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Setup:

  • Arduino Mega 2560 w/ Wiznet W5500 Ethernet Sheild

  • Using TP-Link TL-MR6400 LTE router to connect to internet over cellular connection in Uganda.


Using an HTTP Post with the following,

client.println("POST /hook HTTP/1.1");
client.print("Host: "); client.println(server);
client.println("Accept: */*");
client.print("Content-Type: text/html;");
client.println("User-Agent: Arduino/1.0");
client.println("Connection: close");
client.print("Content-Length: ");
client.println(PostData.length());
client.println();
client.println(PostData);

where PostData is a String and Ethernet2 is the library used.

This works just fine from the US to the same AWS server, or a https://requestbin.com/ instance.


When testing from Uganda using a Raspberry Pi and curl it works fine.

$ curl -vs -d 'ABCDEFG' -H "User-Agent: Arduino/1.0"  -H "Content-Type: text/html" -H "Connection: close"   http://<server here>/hook
*   Trying <ip here>...
* TCP_NODELAY set
* Connected to <server here> (<ip here>) port 80 (#0)
> POST /tg HTTP/1.1
> Host: <server here>
> Accept: */*
> User-Agent: Arduino/1.0
> Content-Type: text/html
> Connection: close
> Content-Length: 7
> 
* upload completely sent off: 7 out of 7 bytes
< HTTP/1.1 200 OK
< Access-Control-Allow-Origin: *
< Content-Type: application/json; charset=utf-8
< Date: Tue, 06 Aug 2019 21:06:49 GMT
< x-pd-status: sent to primary
< X-Powered-By: Express
< Content-Length: 16
< Connection: Close
< 
* Curl_http_done: called premature == 0
* Closing connection 0
{"success":true}

I even tried an HTTP GET example from the Ethernet2 library,

https://www.arduino.cc/en/Tutorial/WebClientRepeating

It worked just fine in the US but in Uganda I get,

My IP address: 192.168.1.177

connecting...

connecting...

connecting...

I increased the time between requests here to 100 seconds where it is listening for the whole time inbetween.

It seems that client.connect(server, 80) is successful and the client.print messages go through but the message never reaches the server so there is no response. My AWS server does not recieve the request and this is the same for the requestbin instance. This behavior is mirrored in all my Arduino tests.

I thought the ISP might be blocking but the RPi can send nearly the same message. I thought maybe a timeout somewhere but I can not find where with my tests. I thought my message was too long but I reduced the size to only 10 characters with the same results.


Trying to figure out why the Arduino HTTP request cannot reach any webhooks from Uganda and how to fix it if possible. Different ISP, slower connection, cellular connection?

Any help would be appreciated.

  • @jsotola yes, I am able to connect to either server using a raspberry pi on the same network as the arduino in Uganda (connected to the same router). I am also able to connect to both servers with both attempted Arduino sketches from the US. I am here considering a raspberry pi as a computer. – jmb2341 Aug 6 at 23:47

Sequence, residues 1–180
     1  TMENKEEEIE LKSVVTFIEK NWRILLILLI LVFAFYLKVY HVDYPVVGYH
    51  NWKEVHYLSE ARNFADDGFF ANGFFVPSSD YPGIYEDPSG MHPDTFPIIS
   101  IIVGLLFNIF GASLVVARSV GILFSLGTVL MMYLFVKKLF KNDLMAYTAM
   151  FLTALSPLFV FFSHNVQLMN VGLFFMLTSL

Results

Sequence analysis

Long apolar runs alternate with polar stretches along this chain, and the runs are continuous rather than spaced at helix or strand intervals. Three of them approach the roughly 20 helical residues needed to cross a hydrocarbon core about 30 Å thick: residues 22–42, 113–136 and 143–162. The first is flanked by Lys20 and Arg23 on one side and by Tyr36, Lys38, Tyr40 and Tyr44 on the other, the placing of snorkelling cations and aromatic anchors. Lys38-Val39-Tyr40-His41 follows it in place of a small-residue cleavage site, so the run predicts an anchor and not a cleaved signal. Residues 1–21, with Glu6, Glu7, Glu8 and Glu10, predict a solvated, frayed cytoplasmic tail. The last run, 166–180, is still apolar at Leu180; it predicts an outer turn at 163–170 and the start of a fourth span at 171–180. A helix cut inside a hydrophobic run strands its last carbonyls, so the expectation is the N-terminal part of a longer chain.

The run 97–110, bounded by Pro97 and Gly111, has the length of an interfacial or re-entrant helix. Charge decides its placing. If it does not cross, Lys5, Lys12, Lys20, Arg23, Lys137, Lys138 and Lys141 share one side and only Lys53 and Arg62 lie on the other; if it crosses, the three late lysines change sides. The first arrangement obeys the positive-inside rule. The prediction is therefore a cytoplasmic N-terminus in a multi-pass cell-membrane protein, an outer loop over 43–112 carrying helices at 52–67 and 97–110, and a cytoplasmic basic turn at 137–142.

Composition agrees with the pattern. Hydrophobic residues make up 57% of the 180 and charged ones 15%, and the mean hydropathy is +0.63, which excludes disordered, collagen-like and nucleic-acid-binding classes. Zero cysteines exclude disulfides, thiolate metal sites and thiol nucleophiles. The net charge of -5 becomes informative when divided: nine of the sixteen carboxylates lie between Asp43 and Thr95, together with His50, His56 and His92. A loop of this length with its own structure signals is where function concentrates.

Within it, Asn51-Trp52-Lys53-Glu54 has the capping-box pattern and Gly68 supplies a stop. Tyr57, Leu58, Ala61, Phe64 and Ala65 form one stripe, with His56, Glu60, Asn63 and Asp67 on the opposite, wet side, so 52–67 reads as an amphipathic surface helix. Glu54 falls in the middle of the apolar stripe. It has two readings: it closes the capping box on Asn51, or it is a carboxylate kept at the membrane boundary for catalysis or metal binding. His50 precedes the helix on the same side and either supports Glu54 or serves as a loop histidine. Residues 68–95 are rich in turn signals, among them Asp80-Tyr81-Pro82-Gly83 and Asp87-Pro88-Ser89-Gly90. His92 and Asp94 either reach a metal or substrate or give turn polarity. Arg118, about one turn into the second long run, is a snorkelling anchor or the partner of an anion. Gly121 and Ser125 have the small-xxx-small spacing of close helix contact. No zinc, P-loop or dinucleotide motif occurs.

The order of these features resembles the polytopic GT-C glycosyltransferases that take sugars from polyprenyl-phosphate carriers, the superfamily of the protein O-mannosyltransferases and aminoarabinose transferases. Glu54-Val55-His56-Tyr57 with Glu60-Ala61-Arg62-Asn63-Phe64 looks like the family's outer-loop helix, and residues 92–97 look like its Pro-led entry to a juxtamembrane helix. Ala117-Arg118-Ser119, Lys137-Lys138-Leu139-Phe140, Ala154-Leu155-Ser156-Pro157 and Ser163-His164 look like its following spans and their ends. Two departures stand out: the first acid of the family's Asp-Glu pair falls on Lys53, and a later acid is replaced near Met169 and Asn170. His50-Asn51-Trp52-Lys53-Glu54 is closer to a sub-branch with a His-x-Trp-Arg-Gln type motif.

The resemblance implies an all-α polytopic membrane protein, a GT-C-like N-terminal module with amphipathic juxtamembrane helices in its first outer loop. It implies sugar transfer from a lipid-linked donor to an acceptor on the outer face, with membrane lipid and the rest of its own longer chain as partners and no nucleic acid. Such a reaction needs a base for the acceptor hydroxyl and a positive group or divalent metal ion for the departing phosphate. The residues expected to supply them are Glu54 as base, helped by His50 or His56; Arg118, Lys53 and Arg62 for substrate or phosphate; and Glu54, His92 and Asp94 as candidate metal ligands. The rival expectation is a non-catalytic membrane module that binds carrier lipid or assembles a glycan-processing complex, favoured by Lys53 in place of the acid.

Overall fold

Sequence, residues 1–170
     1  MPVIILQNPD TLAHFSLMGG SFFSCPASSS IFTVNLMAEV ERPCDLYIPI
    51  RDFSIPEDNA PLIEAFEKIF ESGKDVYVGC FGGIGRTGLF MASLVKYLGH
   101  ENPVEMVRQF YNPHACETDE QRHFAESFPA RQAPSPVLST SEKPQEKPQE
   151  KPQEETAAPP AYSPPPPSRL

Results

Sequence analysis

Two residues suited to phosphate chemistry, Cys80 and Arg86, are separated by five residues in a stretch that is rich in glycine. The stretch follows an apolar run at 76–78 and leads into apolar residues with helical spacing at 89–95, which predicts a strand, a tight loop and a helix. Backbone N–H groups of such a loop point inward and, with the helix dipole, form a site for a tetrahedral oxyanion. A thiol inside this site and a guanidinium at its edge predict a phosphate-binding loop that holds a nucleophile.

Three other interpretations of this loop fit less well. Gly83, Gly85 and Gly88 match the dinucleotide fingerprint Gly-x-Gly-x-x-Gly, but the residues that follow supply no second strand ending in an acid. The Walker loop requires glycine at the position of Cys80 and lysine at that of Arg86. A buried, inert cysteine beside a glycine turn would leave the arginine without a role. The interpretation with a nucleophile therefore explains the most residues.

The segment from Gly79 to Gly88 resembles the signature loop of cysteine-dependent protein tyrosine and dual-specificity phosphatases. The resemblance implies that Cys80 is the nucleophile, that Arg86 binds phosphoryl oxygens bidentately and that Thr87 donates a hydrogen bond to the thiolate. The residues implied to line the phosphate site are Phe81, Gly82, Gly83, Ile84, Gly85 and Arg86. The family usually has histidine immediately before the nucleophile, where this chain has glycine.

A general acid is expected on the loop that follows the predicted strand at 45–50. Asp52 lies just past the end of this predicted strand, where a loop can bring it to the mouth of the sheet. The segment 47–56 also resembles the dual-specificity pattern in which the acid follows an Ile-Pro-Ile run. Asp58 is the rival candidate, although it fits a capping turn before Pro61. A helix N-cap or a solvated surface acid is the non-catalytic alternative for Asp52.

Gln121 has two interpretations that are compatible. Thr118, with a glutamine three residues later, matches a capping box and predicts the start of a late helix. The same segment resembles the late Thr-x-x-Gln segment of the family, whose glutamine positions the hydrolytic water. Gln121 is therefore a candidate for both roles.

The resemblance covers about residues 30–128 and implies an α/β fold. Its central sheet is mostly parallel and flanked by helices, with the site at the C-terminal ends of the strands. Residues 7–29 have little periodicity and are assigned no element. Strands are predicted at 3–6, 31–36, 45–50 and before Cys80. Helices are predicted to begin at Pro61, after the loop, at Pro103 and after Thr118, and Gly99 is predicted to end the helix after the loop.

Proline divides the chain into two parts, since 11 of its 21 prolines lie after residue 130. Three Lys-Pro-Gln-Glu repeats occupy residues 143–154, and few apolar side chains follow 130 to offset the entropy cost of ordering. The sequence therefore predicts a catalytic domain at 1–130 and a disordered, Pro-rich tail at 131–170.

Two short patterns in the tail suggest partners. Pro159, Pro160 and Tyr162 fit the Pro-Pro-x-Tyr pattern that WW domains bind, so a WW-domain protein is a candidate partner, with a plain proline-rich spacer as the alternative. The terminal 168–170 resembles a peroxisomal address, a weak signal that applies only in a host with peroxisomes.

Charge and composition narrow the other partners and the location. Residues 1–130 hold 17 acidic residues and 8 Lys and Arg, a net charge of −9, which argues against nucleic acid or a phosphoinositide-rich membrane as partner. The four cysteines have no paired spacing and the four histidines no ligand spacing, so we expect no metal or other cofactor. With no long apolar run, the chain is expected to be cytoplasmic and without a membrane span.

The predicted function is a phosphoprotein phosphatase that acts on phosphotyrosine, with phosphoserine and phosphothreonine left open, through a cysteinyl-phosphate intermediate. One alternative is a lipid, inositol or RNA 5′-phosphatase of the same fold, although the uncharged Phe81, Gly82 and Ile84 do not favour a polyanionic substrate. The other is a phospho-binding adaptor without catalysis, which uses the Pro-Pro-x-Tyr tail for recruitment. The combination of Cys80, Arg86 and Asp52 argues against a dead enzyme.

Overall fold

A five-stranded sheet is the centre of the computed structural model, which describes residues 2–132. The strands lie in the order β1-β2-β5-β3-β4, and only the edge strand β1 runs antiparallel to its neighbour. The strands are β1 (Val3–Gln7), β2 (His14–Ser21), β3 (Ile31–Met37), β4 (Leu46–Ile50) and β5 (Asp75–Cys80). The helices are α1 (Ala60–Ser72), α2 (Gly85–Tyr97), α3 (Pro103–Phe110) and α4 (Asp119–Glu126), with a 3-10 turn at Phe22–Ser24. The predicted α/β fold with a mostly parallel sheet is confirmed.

• my apologies, i did not read your post carefully ... you already explained that the Pi is connecting correctly – jsotola Aug 7 at 5:02
  • try the Ethernet library – Juraj Aug 7 at 8:21
  • The only things I can think of to try HTTP/1.0 instead of HTTP/1.1. Or maybe combining all the client.prints so everything is send in a single packet, instead of possibly multiple (I couldn't figure out if that is even the case). – Gerben Aug 7 at 9:37
  • 1
    yes, use buffering github.com/jandrassy/StreamLib/blob/master/README.md – Juraj Aug 7 at 9:40
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Buffering and flush()

Many arduino libraries suffer of slow communication because the authors didn't use buffering. To not to send every small piece of data over a connection with overhead of protocol bytes use buffering. Data are collected until the buffer is full and then the collected data are send and the buffer is ready for next bytes. The flush() functions sends the buffer even if it is not full, but you do not have more data. (The flush() 'dilemma' was resolved and in Arduino core classes the flush() method is declared in Print class which is the Arduino standard interface for output streams.)

My StreamLib library offers a BufferedPrint class which wraps the target stream and buffers the data to be send over the target stream. Of course, do not forget to use flush() after last data printed.


HTTP data length

It is common practice in Arduino sketches to not to send the Content-length header with POST requests. In most cases it is because when the HTTP headers are send, the size of data is not known. The WebServer then doesn't know if it received all the data and waits until the connection is closed or timeout is reached. It leads to long time until a Web Server sends the response to requesting Arduino sketch.

If the data can be prepared to a string in memory, fill the Content-length HTTP header.

If the data to be send as response or in POST request wouldn't fit into available memory, ChunkedPrint from my StreamLib can be used with HTTP chunked Transfer-Encoding. And ChunkedPrint is an extension of BufferedPrint so the Web Server handles your request without hesitating.

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